What are Rolling Admissions?

While you’re applying to college, you may have come across some schools on your list that use a rolling admission process. Here’s a rundown of what you can expect when applying to one of these colleges:

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What is it?

Rolling admissions is a policy often used for freshman, undergraduates, and law schools. Instead of a set deadline for application submissions, the school allows students to submit their applications within a large window of time. Usually, colleges accept applications between the summer of a high school student’s senior year until they fill all the available spots for admissions. This tends to be a six-month window.

Some schools that use rolling admissions are Michigan State, Penn State, Rutgers, and the University of Pittsburgh.

Advantages of Rolling Admissions

There are definitely some advantages to rolling admissions. The most obvious one being the lack of stress on the applying student. If you’re stressed by deadlines, you now have the chance to make sure all your paperwork, documents, essay, and grades are in order before submitting them to the school.

On the other hand, if you’d like to hear about acceptance to your dream school as soon as possible, you now have the chance to hear back even faster than early decision / early action allows for. Many schools get back to prospective students with admission letters about 4-6 weeks after students submit their application. This results in some seniors actually having acceptance letters before their senior year even begins.

A rolling admission also provides a few benefits to the college. Instead of all the applications being reviewed at once, there is less stress on the admissions department. They have the time they need to provide attention to each application.

Disadvantages of Rolling Admissions

You can definitely benefit from the lack of stress that rolling admissions provide. However, there are some downsides to the process. It is possible to miss the admissions window by delaying too long. Once the spots are filled, they are gone. So this may provide some advantages to students who apply sooner rather than later.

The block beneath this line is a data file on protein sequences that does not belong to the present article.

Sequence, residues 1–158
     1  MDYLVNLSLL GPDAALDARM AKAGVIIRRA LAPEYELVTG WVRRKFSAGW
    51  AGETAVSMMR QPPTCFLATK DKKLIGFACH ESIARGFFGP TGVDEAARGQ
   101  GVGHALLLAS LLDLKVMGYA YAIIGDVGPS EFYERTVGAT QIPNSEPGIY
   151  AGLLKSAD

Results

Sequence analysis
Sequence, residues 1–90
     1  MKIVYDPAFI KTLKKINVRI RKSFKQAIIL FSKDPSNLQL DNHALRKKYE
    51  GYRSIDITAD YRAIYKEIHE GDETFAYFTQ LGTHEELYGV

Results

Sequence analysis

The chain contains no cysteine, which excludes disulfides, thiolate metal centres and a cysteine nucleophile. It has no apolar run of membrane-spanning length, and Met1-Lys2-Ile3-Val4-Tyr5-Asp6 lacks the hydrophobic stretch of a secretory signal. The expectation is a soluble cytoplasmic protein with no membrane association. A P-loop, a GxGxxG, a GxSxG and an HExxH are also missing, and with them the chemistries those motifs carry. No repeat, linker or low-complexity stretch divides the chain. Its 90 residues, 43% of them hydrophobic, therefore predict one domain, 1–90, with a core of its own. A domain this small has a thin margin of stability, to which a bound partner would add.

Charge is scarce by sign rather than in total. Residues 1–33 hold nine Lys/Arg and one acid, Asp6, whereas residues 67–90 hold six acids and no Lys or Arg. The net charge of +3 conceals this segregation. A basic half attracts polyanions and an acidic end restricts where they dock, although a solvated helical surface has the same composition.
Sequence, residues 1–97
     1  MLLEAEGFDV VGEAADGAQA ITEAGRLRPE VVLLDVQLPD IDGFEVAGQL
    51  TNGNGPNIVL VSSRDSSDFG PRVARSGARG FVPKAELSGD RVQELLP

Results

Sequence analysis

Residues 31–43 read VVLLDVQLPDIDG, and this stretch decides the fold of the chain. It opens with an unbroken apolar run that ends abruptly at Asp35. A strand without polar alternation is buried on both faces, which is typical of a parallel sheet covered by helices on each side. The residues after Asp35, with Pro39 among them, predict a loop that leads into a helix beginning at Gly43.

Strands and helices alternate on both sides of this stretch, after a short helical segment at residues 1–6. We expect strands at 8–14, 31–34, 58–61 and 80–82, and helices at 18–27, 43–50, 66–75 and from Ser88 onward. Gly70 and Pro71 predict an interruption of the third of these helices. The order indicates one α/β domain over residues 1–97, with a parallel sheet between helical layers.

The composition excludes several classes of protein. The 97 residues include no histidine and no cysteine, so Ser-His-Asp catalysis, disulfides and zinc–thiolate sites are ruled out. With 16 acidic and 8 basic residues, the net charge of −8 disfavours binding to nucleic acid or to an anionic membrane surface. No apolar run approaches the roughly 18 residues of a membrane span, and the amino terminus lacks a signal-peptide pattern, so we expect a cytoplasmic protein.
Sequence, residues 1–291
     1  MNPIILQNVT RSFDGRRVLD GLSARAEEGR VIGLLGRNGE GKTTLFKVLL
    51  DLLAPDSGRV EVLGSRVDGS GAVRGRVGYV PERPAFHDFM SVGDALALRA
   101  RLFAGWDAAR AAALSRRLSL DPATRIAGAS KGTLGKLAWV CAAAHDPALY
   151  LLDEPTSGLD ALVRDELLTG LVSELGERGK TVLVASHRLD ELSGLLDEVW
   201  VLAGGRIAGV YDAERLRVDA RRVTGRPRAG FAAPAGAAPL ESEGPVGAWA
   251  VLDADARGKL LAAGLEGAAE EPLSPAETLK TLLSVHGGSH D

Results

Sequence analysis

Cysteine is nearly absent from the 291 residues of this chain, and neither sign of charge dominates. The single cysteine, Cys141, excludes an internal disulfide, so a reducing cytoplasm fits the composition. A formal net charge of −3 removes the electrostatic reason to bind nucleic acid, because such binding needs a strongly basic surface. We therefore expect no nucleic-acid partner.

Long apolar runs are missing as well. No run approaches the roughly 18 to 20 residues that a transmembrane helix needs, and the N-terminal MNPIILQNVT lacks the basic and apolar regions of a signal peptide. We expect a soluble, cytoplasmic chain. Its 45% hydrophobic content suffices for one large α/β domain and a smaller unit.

This results in less competition in the early months of rolling admissions and more competition towards the end of the window. Students interested in schools that use this process shouldn’t wait until the last minute to submit their application.

If you do receive your application letter, however, take your time. It’s easy to rush into a decision that you may not have made otherwise. Wait to hear back from your other choices before deciding on what school you will attend the following fall.

Rolling admissions could be a huge boost to students interested in applying as soon as possible to their dream schools or even second or third choices. If you find yourself stressed by all the deadlines, they may also give you a bit more time to turn in your paperwork while you apply to other colleges on your list. However, every school is different. Always remember to double-check for any potential deadlines and information that may arise for particular parts of the application.

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